Why haven’t we? There are many reasons, of course, but among them is this: chronic disease is chronic, at least until it becomes acute (e.g., as when heart disease advancing slowly for years or decades suddenly precipitates a massive heart attack, or sudden cardiac death). The chronic is a slow-motion menace that quite simply does not capture our attention, concentrate our anxiety, stoke our desperation for remedies, or activate our fight-or-flight response. COVID, however, in its acute assault on our communities, in its onslaught of breaking news…does all of that.
The two- chronic diseases, the acute threat of COVID- are mechanistically conjoined especially through the diverse ramifications of inflammation. Obesity, diabetes, and cardiovascular diseases both induce systematic inflammation, and are propagated by it. Such dysfunctional inflammation in turn impairs the body’s capacity for the functional inflammatory responses that are the hallmark of effective immunity, while potentiating misdirected, unbalanced immune responses such as the now notorious “cytokine storm.” These pathways impair vascular function at the origins of its control in the endothelium that lines our vast network of blood vessels, putting every organ-system at risk, and explaining the dizzying spectrum of COVID complications.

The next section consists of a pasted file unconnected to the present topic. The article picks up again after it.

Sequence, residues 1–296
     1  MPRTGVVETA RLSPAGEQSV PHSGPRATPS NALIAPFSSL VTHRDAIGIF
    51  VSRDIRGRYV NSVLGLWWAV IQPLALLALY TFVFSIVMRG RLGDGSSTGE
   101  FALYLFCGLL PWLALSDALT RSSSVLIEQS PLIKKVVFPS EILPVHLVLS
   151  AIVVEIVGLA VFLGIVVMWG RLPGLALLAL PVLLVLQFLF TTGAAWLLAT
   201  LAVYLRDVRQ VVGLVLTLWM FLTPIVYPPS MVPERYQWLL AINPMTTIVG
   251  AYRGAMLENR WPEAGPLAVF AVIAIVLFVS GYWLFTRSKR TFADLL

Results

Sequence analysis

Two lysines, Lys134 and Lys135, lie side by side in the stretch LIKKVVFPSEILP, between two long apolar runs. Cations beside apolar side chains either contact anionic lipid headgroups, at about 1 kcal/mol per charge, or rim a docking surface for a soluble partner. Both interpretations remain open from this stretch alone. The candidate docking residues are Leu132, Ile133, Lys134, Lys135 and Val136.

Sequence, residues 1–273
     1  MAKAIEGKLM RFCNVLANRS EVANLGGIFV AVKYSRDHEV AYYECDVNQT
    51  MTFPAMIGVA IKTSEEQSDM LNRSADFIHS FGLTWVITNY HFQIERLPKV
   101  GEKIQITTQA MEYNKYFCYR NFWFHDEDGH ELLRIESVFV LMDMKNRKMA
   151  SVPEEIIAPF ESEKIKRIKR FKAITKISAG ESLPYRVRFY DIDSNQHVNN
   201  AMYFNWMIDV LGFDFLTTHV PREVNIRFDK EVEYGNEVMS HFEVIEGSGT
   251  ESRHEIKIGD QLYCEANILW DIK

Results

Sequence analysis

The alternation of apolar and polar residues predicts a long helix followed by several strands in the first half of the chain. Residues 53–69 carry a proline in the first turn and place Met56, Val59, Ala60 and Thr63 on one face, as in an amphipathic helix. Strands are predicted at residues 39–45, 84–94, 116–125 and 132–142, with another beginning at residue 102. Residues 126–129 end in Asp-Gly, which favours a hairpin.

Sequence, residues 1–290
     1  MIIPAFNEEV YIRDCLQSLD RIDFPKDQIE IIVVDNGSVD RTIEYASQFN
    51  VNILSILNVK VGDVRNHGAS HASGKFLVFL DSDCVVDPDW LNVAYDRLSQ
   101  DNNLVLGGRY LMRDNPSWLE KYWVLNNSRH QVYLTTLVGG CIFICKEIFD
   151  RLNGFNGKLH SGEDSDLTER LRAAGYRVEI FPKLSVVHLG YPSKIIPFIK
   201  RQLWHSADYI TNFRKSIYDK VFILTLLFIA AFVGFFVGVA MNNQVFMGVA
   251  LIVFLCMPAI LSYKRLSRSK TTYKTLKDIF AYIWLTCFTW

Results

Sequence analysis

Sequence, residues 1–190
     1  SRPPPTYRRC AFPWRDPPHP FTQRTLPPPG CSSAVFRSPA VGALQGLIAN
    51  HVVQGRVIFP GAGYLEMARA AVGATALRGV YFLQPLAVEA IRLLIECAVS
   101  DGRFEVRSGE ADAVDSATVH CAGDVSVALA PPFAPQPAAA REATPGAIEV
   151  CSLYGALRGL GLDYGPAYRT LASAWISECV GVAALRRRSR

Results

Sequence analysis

In this calamitous interplay of pandemics new and long established- lies the opportunity. Much of what places us at higher risk for bad COVID outcomes is fixable, and COVID gives us a shared, potent motivation to fix it. This, in other words, is what we in Preventive Medicine call a “teachable moment.” The healthy, balanced immunologic responses of generally healthy bodies are an obviously high-potency defense against the ravages of SARS-CoV-2. Why race for the extrinsic salvation of a vaccine while neglecting the rarefied, intrinsic defenses of our native immune system, granted the conditions that allow it to thrive?
The policy implications of this are much as they have seemed from the start; our risk for severe COVID infection varies widely, and our interdiction efforts should correspond to avoid hurting those we aim to protect, and protecting those who most need it far less than we should. The personal implications are simply this: there has never been a better time to get healthy.